I'm guessing that I would have been bored as a baker. My parents are both scientists, I was good at math when I bothered to do my homework. And when I learned programming in high school, it clicked for me almost instantly.
Granted, I took the test sometime around 1978, when the whole world was just about to change thanks to microcomputers, and I hopped onto that bus. Baking has probably become more of a niche activity, given that it already succumbed to automation when I took the test. (There is no way that the "careers" in the test were not at least 20 years out of date).
Granting they are any accurate, these tests are still aiming at a mono-culture inside a company.
At best it feels fragilizing in the long run, at worse candidates are thrown away just because they don’t fit a pattern that might not even be optimal.
My takeaway would be that hiring is hard by nature, relying on tools that try to do magic is never going to go well.
Not to mention diversity of experience is one of the best ways to improve both the workplace and the products that come out of it.
The way these systems have classically worked is a company would have some researches put together a corpus of around 200 questions, most directly mapping to an OCEAN category, a few attention-check questions to make sure the user isn't just hitting "Very Likely" all the time, as well as a few questions that are the same as earlier questions but phrased differently to try and catch liars.
This corpus would then be surveyed against ideal candidates, how they determine that is a mystery to me, for a given job, e.g. "Insurance Salesman" or "Grocery-Store Cashier." Then when an applicant comes in they will be tested against this model of an ideal. The population surveyed might be "All cashiers in the country" or "All cashiers in your company," depending on where you got your software and how much you were willing to spend.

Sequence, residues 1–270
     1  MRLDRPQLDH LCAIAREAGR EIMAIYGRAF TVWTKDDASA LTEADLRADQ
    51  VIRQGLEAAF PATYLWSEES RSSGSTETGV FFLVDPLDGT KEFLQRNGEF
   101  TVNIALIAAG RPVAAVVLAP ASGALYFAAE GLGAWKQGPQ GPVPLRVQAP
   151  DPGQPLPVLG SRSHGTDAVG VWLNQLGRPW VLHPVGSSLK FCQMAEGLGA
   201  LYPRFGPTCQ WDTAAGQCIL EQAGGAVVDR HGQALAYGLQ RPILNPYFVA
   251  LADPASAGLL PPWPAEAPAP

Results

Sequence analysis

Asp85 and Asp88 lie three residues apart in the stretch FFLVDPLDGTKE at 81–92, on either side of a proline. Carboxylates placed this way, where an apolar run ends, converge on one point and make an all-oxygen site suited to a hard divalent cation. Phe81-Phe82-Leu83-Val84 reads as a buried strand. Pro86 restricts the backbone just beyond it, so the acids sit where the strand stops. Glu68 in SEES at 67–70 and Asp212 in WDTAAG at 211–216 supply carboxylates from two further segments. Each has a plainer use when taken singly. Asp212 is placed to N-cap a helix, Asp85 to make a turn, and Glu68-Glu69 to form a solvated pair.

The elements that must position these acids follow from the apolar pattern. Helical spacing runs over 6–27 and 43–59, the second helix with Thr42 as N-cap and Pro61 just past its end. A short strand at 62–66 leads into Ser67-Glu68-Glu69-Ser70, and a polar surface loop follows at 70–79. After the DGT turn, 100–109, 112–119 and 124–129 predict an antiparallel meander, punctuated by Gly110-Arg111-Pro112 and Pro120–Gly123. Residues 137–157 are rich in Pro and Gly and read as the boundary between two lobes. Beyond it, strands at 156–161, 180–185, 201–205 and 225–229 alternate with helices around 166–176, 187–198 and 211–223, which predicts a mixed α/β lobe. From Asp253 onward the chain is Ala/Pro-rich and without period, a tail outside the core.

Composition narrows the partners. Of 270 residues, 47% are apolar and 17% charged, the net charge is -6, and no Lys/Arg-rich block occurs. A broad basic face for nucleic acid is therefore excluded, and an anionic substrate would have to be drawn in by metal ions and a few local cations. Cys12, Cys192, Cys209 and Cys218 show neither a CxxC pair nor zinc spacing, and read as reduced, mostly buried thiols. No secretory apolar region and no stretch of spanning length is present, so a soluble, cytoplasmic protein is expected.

Newer software in this space will provide tools like employee analysis, e.g. Bob is more (A)greeable than Joe but also less (E)mpathetic. Usually these will also allow for arbitrary groupings and analysis, so you could compare two existing or hypothetical teams, etc. This would allow a manager to take their best performers and look for comparable candidates, personality-wise, or alternatively look for similarities to the bad-apples.
Personally, I think there is something to it from a "culture fit" perspective. If you take someone who is very (C)onscientous, very (N)eurotic, and throw them into a team filled with the opposite, you'll run into issues. At the high-end, low-applicant jobs like software these systems might be used to spotlight possible problem areas so that you can further assess the candidate. In the low-end, high-applicant jobs like a grocery-store clerk it becomes an automated HR tool to filter out candidates based on some statistics.
At the end of the day it's a tool with some amount of scientific backing and legal defensibility, how a hiring manager uses it can be good or bad and says more about them than anything else.
Any hiring manager or HR department pushing one of these is showing you an early red flag about what kind of place they're like to work for. Avoid at all costs.